Tuesday, March 17, 2015
Defer Capital Gains Tax
The other way to defer capital gains tax on real estate is to make use of a 1031 tax exchange. What is a 1031 tax exchange?
According to Wikipedia, under Section 1031 of the United States Internal Revenue Code ... the exchange of certain types of property may defer the recognition of capital gains or losses due upon sale, and hence defer any capital gains taxes otherwise due.
To qualify for Section 1031 of the Internal Revenue Code, the properties exchanged must be held for productive use in a trade or business or for investment. The properties exchanged must be of "like kind", i.e., of the same nature or character, even if they differ in grade or quality.
The challenge with a 1031 exchange is to meet the strict timelines identified by the IRS to qualify for an exchange.
The §1031 exchange begins on the earliest of the following:
the date the deed records, or the date possession is transferred to the buyer, and ends on the earlier of the following:
180 days after it begins, or the date the Exchanger's tax return is due, including extensions, for the taxable year in which the relinquished property is transferred.
The identification period is the first 45 days of the exchange period. The exchange period is a maximum of 180 days. If the Exchanger has multiple relinquished properties, the deadlines begin on the transfer date of the first property.
The following sequence represents the order of steps in a typical 1031 exchange:
Step 1. Retain the services of tax counsel/CPA. Become advised by same.
Step 2. Sell the property, including the Cooperation Clause in the sales agreement. "Buyer is aware that the seller's intention is to complete a 1031 Exchange through this transaction and hereby agrees to cooperate with seller to accomplish same, at no additional cost or liability to buyer." Make sure your escrow officer/closing agent contacts the Qualified Intermediary to order the exchange documents.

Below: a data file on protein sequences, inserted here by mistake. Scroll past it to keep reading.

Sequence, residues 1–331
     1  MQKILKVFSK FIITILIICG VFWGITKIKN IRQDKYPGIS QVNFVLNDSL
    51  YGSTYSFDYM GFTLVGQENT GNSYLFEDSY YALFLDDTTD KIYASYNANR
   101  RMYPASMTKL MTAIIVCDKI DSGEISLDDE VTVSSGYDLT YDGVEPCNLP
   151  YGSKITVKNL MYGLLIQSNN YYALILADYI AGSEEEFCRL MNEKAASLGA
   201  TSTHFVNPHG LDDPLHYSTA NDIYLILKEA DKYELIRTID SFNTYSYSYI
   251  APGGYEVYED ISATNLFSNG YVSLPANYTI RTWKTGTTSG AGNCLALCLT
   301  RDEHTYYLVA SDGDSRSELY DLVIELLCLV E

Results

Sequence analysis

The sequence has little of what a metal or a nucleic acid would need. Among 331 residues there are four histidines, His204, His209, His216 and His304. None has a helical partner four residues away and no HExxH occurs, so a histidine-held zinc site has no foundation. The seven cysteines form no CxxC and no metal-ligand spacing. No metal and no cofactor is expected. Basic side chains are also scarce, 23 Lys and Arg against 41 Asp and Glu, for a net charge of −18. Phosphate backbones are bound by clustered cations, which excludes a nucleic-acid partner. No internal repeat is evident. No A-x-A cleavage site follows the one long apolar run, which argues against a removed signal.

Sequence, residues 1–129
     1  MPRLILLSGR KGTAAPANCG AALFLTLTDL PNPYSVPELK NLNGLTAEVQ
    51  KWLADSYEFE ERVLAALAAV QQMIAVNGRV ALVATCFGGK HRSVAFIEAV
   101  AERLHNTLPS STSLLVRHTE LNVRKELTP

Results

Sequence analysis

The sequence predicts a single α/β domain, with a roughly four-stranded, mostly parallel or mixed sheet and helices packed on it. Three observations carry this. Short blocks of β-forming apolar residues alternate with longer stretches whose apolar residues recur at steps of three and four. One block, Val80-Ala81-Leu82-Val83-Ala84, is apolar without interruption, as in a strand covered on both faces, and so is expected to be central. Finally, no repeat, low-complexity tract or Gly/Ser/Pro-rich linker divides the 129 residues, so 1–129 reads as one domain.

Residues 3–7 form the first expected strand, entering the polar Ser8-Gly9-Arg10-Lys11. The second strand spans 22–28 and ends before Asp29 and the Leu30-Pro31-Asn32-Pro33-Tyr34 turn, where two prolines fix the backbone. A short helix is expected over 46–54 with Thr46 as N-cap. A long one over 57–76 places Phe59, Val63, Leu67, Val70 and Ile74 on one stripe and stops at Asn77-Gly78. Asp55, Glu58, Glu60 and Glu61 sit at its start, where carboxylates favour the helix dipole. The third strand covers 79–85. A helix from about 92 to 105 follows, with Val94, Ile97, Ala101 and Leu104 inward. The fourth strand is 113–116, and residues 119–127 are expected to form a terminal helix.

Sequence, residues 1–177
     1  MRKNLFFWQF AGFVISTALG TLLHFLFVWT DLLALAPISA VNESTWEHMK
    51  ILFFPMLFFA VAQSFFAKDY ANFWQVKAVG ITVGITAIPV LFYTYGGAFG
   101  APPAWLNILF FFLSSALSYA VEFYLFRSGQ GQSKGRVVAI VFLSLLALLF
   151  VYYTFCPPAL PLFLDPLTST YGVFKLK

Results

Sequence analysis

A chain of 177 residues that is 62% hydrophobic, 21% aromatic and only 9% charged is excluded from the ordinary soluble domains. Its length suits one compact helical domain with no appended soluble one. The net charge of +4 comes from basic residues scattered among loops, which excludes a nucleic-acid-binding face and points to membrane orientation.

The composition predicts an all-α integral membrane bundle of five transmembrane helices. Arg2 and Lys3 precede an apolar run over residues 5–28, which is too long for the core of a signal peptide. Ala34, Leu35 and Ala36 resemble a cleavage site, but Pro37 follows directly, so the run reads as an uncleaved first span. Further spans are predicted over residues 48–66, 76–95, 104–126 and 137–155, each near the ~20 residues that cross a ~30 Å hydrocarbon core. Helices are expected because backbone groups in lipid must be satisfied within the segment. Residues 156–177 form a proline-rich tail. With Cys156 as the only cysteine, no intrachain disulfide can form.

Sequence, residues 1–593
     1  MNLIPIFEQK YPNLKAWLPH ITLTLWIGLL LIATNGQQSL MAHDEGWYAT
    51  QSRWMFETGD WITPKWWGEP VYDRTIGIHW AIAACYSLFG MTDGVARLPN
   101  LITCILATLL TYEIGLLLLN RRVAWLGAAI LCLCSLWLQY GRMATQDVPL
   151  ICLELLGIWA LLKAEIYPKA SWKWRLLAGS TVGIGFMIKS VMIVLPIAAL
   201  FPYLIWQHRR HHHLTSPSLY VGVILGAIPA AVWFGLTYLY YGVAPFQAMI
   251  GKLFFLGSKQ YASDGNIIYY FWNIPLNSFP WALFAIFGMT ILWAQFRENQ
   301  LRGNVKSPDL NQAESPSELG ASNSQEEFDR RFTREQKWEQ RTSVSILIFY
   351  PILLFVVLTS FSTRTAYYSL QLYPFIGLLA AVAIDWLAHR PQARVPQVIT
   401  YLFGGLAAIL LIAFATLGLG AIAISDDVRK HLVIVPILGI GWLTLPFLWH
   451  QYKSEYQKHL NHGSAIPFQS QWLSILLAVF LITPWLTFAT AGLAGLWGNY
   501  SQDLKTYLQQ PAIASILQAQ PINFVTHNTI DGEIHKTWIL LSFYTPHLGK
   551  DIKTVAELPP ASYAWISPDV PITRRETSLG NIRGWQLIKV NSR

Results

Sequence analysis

Step 3. Enter into a 1031 exchange agreement with your Qualified Intermediary, in which the Qualified Intermediary is named as principal in the sale of your relinquished property and the subsequent purchase of your replacement property. The 1031 Exchange Agreement must meet with IRS Requirements, especially pertaining to the proceeds. Along with said agreement, an amendment to escrow is signed which so names the Qualified Intermediary as seller. Normally the deed is still prepared for recording from the taxpayer to the true buyer. This is called direct deeding. It is not necessary to have the replacement property identified at this time.
Step 4. The relinquished escrow closes, and the closing statement reflects that the Qualified Intermediary was the seller, and the proceeds go to your Qualified Intermediary. The funds should be placed in a separate, completely segregated money market account to insure liquidity and safety. The closing date of the relinquished property escrow is Day 0 of the exchange, and that’s when the exchange clock begins to tick. Written identification of the address of the replacement property must be sent within 45 days and the identified replacement property must be acquired by the taxpayer within 180 days.
Step 5. The taxpayer sends written identification of the address or legal description of the replacement property to the Qualified Intermediary, on or before Day 45 of the exchange. It must be signed by everyone who signed the exchange agreement.
Step 6. Taxpayer enters into an agreement to purchase replacement property, again including the Cooperation Clause. "Seller is aware that the buyer's intention is to complete a 1031 Exchange through this transaction and hereby agrees to cooperate with buyer to accomplish same, at no additional cost or liability to seller." An amendment is signed naming the Qualified Intermediary as buyer, but again the deeding is from the true seller to the taxpayer.
Step 7. When conditions are satisfied and escrow is prepared to close and certainly prior to the 180th day, per the 1031 Exchange Agreement, the Qualified Intermediary forwards the exchange funds and gross proceeds to escrow, and the closing statement reflects the Qualified Intermediary as the buyer.
Step 8. Taxpayer files form 8824 with the IRS when taxes are filed, and whatever similar document your particular state requires.
If you are interested in learning more about how to do a 1031 exchange for the sale of your income property, please message me privately at HomeLandInvestment@gmail.com.